Terrorist attackers raided Iran’s parliament and opened fire at the Mausoleum of Ayatollah Khomeini a few kilometers south of the capital on Wednesday morning, in near simultaneous assaults that killed up to seven people, Reuters reported citing local media.
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The first assault took place at 10.30am local time when the parliament was in session. Four gunmen walked into the parliament buildings and began shooting at visitors. Parliament is in lockdown and the police are reported by state media to be still hunting the gunmen. A bomb blast was subsequently reported at Iranian parliament killing one and injuring several, officials said as cited by local media.
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In another incident, at least two people opened fire at the shrine of Ayatollah Khomeini. Several people are reported to have been injured there. One of the shrine attackers is reported to have killed himself by detonating an explosive vest. Another was shot dead.
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ISIS has claimed responsibility for the attacks, AMAQ, a news agency close to the group, said. “Fighters from Islamic state attacked Khomeini’s shrine and the Iranian parliament in Tehran,” the news agency said.
The attackers killed seven people and wounded several others, Tasmin said. The news agency also said there were unconfirmed reports that the attackers had taken four hostages inside the parliament building, although according to a subsequent report by Iran's PressTV all terrorists at the parliament had been killed.
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Four terrorists - including a suicide bomber - attacked the shrine of the late leader Ayatollah Ruhollah Khomeini in Tehran, Iran's state TV website reported.
As Reuters adds, three assailants, one with a pistol and two with AK-47 assault rifles, carried out the attack in central Tehran, lawmaker Elias Hazrati told state television. Another lawmaker said one of the assailants was surrounded by security forces and all the doors to the building had been closed, ISNA news agency reported.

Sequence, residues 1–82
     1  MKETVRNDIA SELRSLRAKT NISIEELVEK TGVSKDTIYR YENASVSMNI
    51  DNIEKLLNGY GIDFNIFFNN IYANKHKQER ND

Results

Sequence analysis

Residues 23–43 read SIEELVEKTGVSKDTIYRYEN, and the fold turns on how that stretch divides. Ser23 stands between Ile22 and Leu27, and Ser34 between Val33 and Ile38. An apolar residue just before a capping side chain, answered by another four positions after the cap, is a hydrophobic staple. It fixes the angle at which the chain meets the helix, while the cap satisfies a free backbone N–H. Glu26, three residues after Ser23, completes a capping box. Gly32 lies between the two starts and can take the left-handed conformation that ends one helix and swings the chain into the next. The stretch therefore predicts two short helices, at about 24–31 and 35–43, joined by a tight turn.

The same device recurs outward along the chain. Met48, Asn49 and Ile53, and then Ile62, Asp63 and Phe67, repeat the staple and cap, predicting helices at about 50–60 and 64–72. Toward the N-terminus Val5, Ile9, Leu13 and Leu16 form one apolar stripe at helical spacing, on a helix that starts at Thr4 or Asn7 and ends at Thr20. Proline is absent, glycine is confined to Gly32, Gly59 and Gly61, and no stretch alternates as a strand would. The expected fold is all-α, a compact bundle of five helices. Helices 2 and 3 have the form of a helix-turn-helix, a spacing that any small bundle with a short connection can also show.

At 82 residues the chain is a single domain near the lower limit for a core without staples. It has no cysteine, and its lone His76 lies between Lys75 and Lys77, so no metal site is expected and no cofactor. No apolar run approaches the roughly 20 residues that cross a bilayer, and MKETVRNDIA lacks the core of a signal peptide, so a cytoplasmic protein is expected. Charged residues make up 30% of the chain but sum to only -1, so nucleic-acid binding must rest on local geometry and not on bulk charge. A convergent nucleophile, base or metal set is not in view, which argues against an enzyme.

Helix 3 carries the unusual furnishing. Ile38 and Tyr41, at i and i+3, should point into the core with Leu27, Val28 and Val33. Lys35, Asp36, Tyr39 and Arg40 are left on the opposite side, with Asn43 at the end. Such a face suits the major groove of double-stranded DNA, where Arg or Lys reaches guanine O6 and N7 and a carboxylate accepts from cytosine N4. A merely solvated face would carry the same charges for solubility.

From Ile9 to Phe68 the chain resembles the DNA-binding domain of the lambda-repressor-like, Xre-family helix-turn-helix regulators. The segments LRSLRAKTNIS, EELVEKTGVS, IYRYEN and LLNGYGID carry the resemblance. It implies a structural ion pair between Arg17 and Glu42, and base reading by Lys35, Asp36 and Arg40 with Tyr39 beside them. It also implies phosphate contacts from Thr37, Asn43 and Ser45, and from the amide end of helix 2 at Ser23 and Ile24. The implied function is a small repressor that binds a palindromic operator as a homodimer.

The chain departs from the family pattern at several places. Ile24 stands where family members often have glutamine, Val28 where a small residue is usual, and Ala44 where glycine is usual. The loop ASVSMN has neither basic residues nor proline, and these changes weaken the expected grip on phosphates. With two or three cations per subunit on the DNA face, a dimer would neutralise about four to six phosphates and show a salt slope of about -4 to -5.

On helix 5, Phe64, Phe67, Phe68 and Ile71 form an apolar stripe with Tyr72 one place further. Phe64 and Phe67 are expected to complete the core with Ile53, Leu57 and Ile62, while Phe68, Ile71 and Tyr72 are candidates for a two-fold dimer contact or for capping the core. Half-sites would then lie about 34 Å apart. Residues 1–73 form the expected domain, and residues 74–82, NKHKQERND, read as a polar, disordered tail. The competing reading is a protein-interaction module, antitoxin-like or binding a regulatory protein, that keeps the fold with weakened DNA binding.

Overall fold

Iran's state TV said a security guard was killed and four people were wounded in the shrine attack. It said one of the attackers at the shrine was killed by security guards and that a woman was arrested. It described the shrine attackers as "terrorists" and said one carried out a suicide bombing, without providing further details.
Tehran Governor Hossein Hashemi confirmed the incident at Ayatollah Khomeini mausoleum, saying that one attacker was killed by security forces and other assailants were arrested, IRIB broadcaster reported, as cited by Reuters. Hashemi added that a worker was killed and several people injured in the mausoleum attack.
"I was inside the parliament when shooting happened. Everyone was shocked and scared. I saw two men shooting randomly," said one journalist at the scene, who asked not to be named. Around half an hour later, an attacker opened fire at the Mausoleum of Ayatollah Khomeini, injuring several members of the public, Iran's English-language Press TV said.
State TV quoted lawmaker Elias Hazrati as saying the attackers at parliament were armed with Kalashnikov assault rifles. Iran’s intelligence ministry said on state TV that the attacks were carried out by terrorist groups. Iran’s parliamentary speaker, Ali Larijani, added that “some cowardly terrorists” had penetrated the parliament building and that the security forces would fight them decisively.
A male assailant was arrested while on the run at the parliament's hallway, Akbar Ranjbarzadeh, a senior member of the parliament's Presiding Board told Farsnews.
The semi-official ISNA news agency said all entrance and exit gates at parliament were closed and that lawmakers and reporters were ordered to remain in place inside the chamber. Iranian state media said police helicopters were circling over the parliament building and that all mobile phone lines from inside were disconnected. Similar to the Mausoleum attack, Iranian state TV said one of the attackers taking part in an assault on parliament has blown himself up.
Fars cited some members of parliament who claimed that shooting continues in the building. “Clashes still continue at the parliament building,” one MP said. That has not been confirmed by other media outlets." A Tasmin reporter at the parliament says the lawmakers have been locked in the building’s hall.
Such attacks are incredibly rare in Iran, which keeps a very tight grip on domestic security. Iran has always said that its fight against militias in Iraq and Syria helps keep it safe. Iranians have not seen such strikes since the 1980s when, in the wake of the 1979 Islamic revolution, the Mujahedin Khalq Organisation (MEK), an exiled opposition group, resorted to armed struggle against the Islamic republic.
It was not immediately clear if the attacks were related, although the Islamic State has claimed responsibility for the Iran attacks, Al Jazeera Says, citing the group's Amaq news agency.
It was also not clear if the Iran attacks are linked to the recent diplomatic crisis gripping nearby Qatar.
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